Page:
The prosthesis shown in FIG. 1 is made of suitably flexible material to which the human body is tolerant, of which one or more of the silicone elastomers are typical.
Attention is invited to FIG. 1 which shows one of the two devices required for the parallel double prosthesis embodiment of the invention. As illustrated, an individual pumping mechanism 30 is in fluid communication with a pressurized fluid storage section 31 by way of a conduit 32. Fluid communication is selectively established with a distal expansile section 33 through a check valve 34 and a passageway 35. The check valve 34 comprises a valve stem 36 that is received for longitudinal sliding movement within the fluid duct that joins the interior volume of the pumping mechanism 30 with the passageway 35. A valve seat 37 is connected to the end of the valve stem 36 that protrudes into the passageway 35.
In these circumstances, when the check valve 34 is closed to block fluid communication between the pumping mechanism 30 and the passageway 35, the valve seat 37 is pressed against the side of the passageway 35 in which the check valve 34 is mounted. With the check valve 34 open, however, the valve seat abuts the opposite side of the passageway 35. In this manner, the walls of the passageway 35 limit the movement of the valve seat 37 and retain the valve stem 36 within the fluid duct.
The fluid storage section 31 is an elongated, fluid filled bladder that is connected to the wall of the passageway 35 opposite to the pumping mechanism 30 and to a portion of the housing for the pumping mechanism by means of a bellows 40.
Fluid communication also is established from the fluid storage section 31 to the interior of the pumping mechanism 30 by way of a one-way check valve 41 in the conduit 32 and an angularly disposed side channel 28. As shown, the check valve 41 has a valve stem 42 that is somewhat longer than the conduit 32. Within the interior of the pumping mechanism 30 the valve stem 42 terminates in a valve seat 43 that, when pressed against the orifice of the conduits 28 and 32, blocks these passageways and prevents fluid from flowing from the pumping mechanism to the fluid storage section. Within the fluid storage section 31, that protruding portion of the valve stem 41 terminates in a transversely disposed stop 44, the diameter of the stop being appreciably greater than the diameter of the inlet to the conduit 32 but less than the inlet to the conduit 28. Thus, when the check valve 41 is open to permit fluid to flow into the pumping mechanism from the storage section 31, the stop nevertheless retains the valve stem 42 within the conduit 32 but enables fluid to flow from the reservoir 31 into the pumping mechanism 30 by way of the angularly disposed channel 28.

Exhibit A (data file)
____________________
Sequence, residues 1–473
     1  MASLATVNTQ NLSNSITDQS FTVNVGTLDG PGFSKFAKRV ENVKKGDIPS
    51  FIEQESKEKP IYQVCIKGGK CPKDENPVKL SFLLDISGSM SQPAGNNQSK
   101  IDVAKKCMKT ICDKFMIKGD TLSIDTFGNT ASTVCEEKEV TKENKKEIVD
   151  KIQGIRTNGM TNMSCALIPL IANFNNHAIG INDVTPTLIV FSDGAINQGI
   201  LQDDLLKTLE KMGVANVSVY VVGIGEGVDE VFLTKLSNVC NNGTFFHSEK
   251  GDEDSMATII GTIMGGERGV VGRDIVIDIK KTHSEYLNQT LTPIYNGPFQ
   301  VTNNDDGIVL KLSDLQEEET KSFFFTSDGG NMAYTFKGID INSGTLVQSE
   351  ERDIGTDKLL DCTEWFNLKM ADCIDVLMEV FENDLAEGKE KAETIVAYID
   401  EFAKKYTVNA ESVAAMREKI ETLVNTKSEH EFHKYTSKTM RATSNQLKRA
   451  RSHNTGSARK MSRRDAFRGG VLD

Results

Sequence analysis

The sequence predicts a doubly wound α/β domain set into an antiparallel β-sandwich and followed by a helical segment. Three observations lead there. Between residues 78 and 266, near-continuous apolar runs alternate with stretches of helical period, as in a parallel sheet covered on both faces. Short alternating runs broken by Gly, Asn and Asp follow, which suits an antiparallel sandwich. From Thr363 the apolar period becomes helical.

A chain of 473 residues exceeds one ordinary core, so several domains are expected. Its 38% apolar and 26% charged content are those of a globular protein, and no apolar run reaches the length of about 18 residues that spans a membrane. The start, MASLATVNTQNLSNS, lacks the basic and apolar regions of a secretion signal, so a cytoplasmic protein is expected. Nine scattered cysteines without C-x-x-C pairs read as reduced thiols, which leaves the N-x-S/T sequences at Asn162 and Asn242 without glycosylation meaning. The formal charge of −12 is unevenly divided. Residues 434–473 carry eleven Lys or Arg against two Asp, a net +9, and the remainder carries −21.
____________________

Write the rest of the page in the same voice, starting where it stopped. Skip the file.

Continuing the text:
The fluid storage section 31 also is equipped with a pressure relief valve 45 that permits fluid to flow from the distal expansile section 33 back into the fluid storage section if the pressure in the expansile section becomes higher than some predetermined limit of safety for the distention of the surrounding penis. Illustratively, this predetermined limit is produced by testing the patient before implantation. A tourniquet is applied to the base of the penis and a saline solution is injected into the penis to determine the pressure and volume that is required to satisfy the cosmetic and physical needs of a particular patient. In this way the volume of fluid and the pressure within the reservoir 31 of the device described herein is determined on a patient-by-patient basis.
The pressure relief valve 45 also is a one way flow check valve in which a valve stem 46 is received within a slightly shorter conduit 47. Note also that another conduit 48, angularly oriented relative to the conduit 47 also establishes fluid communication between the reservoir 31 and the expansile section 33. The end of the valve stem 46 that protrudes into the expansile section 33 terminates in a stop 50 that is angularly disposed relative to the conduit 47. This limits the longitudinal depth of travel of the stem through the conduit 47 toward the interior of the storage section 31. Within the fluid storage section 31 the valve stem 46 terminates in a valve seat 51 that, when pressed by fluid pressure within the storage section against the orifices of the conduits 47 and 48, block fluid flow from the storage section 31 into the expansile section 33. When open, however, through a predetermined higher fluid pressure within the expansile section 33, the valve seat 51 is unseated and permits flow from the expansible section into the storage section.
The distal end of the pumping mechanism 30 is connected to a soft but solid extension 52. The extension 52 permits a flaccid dependent penis when the expansile section 33 is not under a charged pressurized state.
The outer surface of the soft, but solid extension 52 forms the inner surface that defines the distal expansile section 33. A flexible membrane 53 is joined on the proximal end to the outer surface of the bladder that forms a fluid storage section 31, the balance of the membrane enclosing the pumping mechanism 30 and the extension 52 to provide the outer elastic surface for the distal expansile section 33.
In operation, an incision is made in the proximal end of the tunica albuginea and the device shown in FIG. 1 is implanted lengthwise on one side of the intercrural septum in one of the two corpora cavernosa. A second device is implanted through another proximal incision in the other corpus cavernosa. In both instances the respective fluid storage sections 31 are surgically lodged in separate ischial cavernosa, under the pubic arch. The expansile sections 33, however, terminate distal to the corona of the glans penis.